Edited by Léo-Paul Dana
Chapter 17: Two Types of Self-Employment in Canada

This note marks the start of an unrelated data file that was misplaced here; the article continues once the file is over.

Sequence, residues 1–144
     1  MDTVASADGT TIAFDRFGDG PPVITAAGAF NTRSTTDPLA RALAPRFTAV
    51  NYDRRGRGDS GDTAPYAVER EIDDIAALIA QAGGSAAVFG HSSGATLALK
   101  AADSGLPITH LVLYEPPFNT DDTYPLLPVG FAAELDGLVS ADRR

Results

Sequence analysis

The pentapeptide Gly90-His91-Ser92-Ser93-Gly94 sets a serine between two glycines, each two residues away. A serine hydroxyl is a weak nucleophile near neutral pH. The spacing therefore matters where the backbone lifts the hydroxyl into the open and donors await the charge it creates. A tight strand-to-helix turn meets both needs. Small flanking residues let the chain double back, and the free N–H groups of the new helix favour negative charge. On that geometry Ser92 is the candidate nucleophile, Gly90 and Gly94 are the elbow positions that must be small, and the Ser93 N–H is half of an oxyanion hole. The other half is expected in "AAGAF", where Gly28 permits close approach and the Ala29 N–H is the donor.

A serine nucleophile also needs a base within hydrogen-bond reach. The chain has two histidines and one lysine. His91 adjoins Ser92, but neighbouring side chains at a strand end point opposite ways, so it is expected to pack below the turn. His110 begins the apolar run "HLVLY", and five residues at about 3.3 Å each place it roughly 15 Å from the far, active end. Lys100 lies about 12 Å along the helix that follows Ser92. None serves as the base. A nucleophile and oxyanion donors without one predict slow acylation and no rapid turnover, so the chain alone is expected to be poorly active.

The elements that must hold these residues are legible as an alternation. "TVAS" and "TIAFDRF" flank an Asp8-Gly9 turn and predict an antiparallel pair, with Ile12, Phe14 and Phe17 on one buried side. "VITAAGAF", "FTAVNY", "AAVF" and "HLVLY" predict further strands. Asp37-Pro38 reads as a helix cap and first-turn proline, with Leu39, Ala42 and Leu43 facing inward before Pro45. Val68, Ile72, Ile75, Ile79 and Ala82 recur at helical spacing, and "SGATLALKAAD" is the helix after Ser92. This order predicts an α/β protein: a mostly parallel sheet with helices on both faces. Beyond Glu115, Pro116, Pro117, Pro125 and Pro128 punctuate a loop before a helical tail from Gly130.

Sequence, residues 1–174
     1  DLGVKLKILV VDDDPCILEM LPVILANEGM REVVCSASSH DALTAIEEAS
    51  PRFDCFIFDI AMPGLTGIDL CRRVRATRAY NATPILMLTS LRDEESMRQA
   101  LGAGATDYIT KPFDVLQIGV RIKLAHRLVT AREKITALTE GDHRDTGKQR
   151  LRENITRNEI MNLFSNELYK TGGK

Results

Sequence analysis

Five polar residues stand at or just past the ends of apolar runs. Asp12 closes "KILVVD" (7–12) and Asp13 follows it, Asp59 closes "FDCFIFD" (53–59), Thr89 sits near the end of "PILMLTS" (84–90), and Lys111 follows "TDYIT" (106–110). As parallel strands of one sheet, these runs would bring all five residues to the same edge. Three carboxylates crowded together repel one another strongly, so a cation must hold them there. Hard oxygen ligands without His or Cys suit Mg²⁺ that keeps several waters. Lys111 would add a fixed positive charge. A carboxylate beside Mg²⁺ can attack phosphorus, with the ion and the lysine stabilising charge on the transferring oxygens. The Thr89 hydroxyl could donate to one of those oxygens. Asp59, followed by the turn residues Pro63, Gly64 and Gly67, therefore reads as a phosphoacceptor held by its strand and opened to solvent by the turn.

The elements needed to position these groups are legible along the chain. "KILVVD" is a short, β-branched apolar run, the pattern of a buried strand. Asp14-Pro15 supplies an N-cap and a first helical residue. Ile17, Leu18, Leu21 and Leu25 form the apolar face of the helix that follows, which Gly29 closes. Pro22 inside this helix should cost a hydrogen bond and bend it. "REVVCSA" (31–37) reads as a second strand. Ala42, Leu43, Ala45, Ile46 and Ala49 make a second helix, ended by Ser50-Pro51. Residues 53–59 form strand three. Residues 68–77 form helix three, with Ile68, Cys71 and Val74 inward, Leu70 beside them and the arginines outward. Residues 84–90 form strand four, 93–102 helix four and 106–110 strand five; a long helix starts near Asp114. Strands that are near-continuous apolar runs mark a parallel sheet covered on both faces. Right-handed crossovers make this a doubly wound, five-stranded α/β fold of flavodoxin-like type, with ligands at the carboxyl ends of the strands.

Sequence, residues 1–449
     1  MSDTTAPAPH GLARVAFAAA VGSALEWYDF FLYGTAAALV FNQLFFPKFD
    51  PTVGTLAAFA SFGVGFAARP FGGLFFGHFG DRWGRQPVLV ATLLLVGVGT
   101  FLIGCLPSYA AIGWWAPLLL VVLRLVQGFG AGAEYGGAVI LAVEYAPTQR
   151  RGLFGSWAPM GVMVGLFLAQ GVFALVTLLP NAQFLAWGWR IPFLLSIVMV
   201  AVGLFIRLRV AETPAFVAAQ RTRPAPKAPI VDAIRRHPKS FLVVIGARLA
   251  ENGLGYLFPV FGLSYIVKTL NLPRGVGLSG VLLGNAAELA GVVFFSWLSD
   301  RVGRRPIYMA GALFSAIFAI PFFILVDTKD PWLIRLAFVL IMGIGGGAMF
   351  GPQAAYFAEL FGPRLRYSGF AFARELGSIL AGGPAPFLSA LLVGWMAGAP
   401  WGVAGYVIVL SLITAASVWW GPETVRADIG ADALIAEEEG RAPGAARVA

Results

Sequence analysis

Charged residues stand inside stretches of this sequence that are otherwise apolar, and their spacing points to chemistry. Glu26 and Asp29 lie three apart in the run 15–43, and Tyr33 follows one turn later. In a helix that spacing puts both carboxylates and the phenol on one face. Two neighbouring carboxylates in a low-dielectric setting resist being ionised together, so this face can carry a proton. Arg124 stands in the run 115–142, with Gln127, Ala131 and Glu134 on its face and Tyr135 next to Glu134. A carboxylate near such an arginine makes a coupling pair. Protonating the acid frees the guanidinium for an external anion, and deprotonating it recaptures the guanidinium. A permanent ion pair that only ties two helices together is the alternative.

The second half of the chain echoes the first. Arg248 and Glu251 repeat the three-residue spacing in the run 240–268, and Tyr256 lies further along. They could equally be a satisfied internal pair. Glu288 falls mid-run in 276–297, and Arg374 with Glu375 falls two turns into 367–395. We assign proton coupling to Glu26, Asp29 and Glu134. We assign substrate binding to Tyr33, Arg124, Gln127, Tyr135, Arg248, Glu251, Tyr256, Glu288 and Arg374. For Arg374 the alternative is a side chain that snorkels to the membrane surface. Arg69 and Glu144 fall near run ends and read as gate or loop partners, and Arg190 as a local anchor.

17 Two types of self-employed in Canada Louis Jacques Filion Introduction Statistics from many countries show that newly created companies have tended to become smaller since the early 1990s, and that the percentage of self-employed has increased. This is particularly true in Canada, where selfemployment has grown by about 1 per cent per year in the last 10 years. In 1999, the self-employed already accounted for more than 18 per cent of Canada’s working population (Small Business Quarterly, 1999). In 2002, these ﬁgures are still true. Although growth is likely to be slower hereafter, it is nevertheless reasonable to think that the self-employed will account for 20 per cent to 25 per cent of the workforce by 2010 – in other words, that their numbers will increase from one in ﬁve at the turn of the century to one in four 10 years later. The phenomenon of self-employment is also visible elsewhere in the world, although to a lesser extent. For example, United States statistics place it at slightly over 10 per cent of the total workforce. The Canadian model may therefore be a precursor for other economies in the next millennium, as we evolve towards forms of work organization that are much more fragmented and service-oriented. It is also relevant to ask what the self-employment phenomenon actually represents: is it an entrepreneurial outgrowth, a defence mechanism developed by a segment of the population in response to radical changes in the labour market, or the result of new, emerging values? Many...
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